A third “World” already is on the books for June 2021.
June 29: ‘Sicario, Day of the Soldado’
You’d have to guess this sequel won’t match the quality of the gripping 2015 drama “Sicario,” about an FBI agent trying to take on a Mexican drug cartel while navigating the situation made murkier by her collaborators. After all, the fantastic Emily Blunt, who portrayed said FBI agent, isn’t back for the follow-up, and neither is brilliant director Denis Villeneuve.
However, Blunt’s costars, Josh Brolin and Benicio del Toro, as shadowy government agent Matt Graver and undercover operative (and assassin) Alejandro Gillick, respectively, are back for a tale involving cartels transporting terrorists across the U.S. border.
Directing this time is Italian filmmaker Stefano Sollima (“Suburra”), while Cleveland native Isabela Moner portrays the daughter of a drug lord who becomes key in the efforts of Matt and Alejandro.
July 4: ‘The First Purge’
The Wednesday Fourth of July holiday gives us an excuse to sneak in a bonus movie this week in the form of the latest entry in this guilty-pleasure series in which one night of the year almost any crime is legal, murder included, in the interest of keeping crime rates down the rest of the year. (It really makes sense as long as you don’t think about it.)
While the fourth movie, “The First Purge” is a prequel to the first, 2013’s “The Purge.” It also is the first entry not directed by James DeMonaco, who is nonetheless around as the screenwriter.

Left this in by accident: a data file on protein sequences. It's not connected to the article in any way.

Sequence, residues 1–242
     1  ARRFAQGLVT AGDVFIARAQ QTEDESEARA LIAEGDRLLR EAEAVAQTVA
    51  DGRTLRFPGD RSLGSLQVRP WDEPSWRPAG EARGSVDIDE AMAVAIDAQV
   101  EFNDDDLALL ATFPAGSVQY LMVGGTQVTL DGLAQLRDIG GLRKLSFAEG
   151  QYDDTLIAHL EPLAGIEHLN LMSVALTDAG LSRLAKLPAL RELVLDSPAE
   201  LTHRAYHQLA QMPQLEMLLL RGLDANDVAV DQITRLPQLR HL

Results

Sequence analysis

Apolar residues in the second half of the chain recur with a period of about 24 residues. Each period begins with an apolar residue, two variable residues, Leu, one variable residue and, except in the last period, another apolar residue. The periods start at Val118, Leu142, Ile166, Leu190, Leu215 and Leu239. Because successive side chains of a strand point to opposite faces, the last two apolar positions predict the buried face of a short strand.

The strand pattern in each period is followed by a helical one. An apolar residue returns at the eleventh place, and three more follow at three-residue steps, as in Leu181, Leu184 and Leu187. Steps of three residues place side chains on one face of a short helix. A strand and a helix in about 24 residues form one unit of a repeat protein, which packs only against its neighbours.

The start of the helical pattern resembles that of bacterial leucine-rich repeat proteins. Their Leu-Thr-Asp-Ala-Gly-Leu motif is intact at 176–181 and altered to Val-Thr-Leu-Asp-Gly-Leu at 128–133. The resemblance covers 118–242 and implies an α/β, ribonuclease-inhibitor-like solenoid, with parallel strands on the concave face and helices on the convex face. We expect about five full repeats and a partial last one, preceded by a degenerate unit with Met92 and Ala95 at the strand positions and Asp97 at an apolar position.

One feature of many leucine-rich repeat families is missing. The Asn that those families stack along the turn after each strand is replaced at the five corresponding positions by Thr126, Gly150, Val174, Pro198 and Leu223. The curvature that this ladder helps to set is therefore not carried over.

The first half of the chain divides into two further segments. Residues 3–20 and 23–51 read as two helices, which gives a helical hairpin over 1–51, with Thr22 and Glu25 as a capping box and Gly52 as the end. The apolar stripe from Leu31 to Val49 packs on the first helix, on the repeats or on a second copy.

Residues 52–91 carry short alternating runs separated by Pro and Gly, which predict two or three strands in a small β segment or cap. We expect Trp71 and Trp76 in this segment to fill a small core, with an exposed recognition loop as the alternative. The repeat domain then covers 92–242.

And, as always, blessed be our New Founding Fathers for letting us Purge and cleanse our souls.
July 6: ‘Ant-Man and the Wasp’
We would have said Paul Rudd’s Ant-Man obviously survives the events of “Avengers: Infinity War” based on the existence of this movie — the sequel 2015’s fun “Ant-Man” — but the official synopsis from Marvel informs us that it is set after the events of 2016’s “Captain America: Civil War.”
Evangeline Lilly’s Wasp, introduced in the earlier movie, shares the billing this time around as the shrinkable insect-inspired heroine. It’s unclear who plays the villain, but one guess is Michael Pena, who returns as Louis, a former associate of Scott Lang (Rudd). Also returning are Michael Douglas as Hank Pym, father of Lilly’s Hope van Dyne, and director Peyton Reed.
July 13: ‘Skyscraper’
This looks very much like “Die Hard” meets … any number of movies starring Dwayne “The Rock” Johnson.
Um, where do we sign up?
Johnson, busy fighting giant, genetically altered animal monster right now in “Rampage,” plays a former FBI agent who must stop terrorists who take over a huge, modern skyscraper in Hong Kong. And if you’ve seen the money shot from the trailer that debuted around the time of the Super Bowl, you know Johnson’s character has an artificial leg, which proves the opportunity for the trailer’s money shot and what undoubtedly will be a fun scene in the movie. (Hang on, man!)